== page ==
PORT-OF-SPAIN – COME Monday Prime Minister Dr Keith Rowley and his staff will move into Whitehall.
He will be the first prime minister to use it as his official office since it was closed for renovations because of leaking roofs and bad floors under the tenure of Patrick Manning in 2009.
Prime ministers have used Whitehall as the Office of Prime Minister since Dr Eric Williams. George Chambers, Arthur NR Robinson, Manning and Basdeo Panday have all used it. Only Kamla Persad-Bissessar had to use the Office of the Prime Minister in St Clair Avenue, St Clair.
Speaking at the reopening ceremony at Whitehall on Thursday, Rowley said his office took delivery of the structure from the Urban Development Company of Trinidad and Tobago (UDeCOTT).
He said UDeCOTT had done extensive repairs.
Rowley said, “Today we accept from the contractors and the UDeCOTT staff, Whitehall, which the staff is beginning to move into, and over the weekend they will continue, and the prime minister will work here for the first time next week. Next Monday, the prime minister will come here to work for the first time in a very long, long time.”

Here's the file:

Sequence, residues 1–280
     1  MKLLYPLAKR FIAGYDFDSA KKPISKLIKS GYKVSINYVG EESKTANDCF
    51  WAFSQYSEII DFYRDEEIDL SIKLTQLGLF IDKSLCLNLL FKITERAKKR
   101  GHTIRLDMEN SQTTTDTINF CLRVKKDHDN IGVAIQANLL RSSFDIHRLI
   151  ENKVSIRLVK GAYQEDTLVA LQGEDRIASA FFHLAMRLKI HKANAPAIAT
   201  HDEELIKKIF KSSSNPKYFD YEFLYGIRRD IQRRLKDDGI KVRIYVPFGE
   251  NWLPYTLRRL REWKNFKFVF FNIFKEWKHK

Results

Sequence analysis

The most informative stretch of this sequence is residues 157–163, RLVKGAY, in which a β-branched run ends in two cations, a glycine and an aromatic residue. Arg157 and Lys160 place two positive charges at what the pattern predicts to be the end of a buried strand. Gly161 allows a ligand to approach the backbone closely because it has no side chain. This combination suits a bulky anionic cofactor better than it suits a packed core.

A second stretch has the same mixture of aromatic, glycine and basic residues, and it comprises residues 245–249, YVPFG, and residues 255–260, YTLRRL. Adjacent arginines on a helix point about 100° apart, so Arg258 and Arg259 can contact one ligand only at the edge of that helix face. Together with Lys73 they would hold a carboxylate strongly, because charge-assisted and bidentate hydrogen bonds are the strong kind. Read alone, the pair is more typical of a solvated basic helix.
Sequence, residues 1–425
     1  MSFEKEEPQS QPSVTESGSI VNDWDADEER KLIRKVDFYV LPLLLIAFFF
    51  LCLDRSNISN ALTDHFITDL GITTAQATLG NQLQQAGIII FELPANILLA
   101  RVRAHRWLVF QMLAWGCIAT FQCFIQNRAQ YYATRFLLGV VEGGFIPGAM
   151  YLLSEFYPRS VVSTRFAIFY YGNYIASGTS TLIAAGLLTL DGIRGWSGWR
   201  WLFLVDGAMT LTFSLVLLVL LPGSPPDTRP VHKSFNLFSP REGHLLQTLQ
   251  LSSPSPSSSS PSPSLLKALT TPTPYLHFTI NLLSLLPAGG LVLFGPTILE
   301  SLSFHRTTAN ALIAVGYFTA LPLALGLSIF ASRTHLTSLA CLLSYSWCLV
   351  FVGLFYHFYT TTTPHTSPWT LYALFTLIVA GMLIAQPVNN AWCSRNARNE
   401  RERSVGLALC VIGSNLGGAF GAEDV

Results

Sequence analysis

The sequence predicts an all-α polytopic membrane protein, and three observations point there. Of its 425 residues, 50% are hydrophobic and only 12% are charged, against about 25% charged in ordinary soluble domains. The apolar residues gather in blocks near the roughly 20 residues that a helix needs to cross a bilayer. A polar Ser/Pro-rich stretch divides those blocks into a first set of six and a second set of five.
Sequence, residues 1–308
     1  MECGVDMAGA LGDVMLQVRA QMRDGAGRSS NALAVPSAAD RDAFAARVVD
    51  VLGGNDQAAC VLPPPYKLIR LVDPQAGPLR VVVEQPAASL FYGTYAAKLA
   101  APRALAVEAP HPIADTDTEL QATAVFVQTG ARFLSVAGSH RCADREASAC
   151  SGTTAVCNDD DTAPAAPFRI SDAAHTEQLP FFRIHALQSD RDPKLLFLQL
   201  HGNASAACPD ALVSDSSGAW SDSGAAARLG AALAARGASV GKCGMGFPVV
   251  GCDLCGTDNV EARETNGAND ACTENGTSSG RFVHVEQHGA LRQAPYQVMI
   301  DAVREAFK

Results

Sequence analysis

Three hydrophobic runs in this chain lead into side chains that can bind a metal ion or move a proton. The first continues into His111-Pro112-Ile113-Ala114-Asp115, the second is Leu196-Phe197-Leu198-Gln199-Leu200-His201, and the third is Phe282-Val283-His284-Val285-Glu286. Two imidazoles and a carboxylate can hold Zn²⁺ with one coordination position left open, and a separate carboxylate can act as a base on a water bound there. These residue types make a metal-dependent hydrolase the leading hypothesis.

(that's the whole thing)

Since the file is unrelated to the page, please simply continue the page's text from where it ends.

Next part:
Rowley defended the $32 million cost.
He said, “Symbolism is important, history is important because it connects you to who you are.”
Rowley said the committee to restore the country’s heritage buildings was also far advanced with the work on President’s House.
He said, “In the not-too-distant future I trust that Her Excellency would invite some of us to the reoccupation to another iconic building, President’s House, which is to be reopened and made available for occupancy in the very near future.”
Rowley said the chambers currently occupied by the Parliament at the Waterfront will be converted into civil courtrooms when the Parliament returns to the Red House later this year.
“These civil courts will allow the Hall of Justice to be used solely for criminal matters,” he said.
He said restoration work, being done by engineers from Cuba, on Mille Fleurs was also progressing well.
Whitehall, built in 1904 and called Rosenweg, is the second northernmost of the Magnificent Seven buildings and was a private house until it was purchased by the Government of Trinidad and Tobago in 1954.
It was built by Joseph Leon Agostini, a cocoa planter.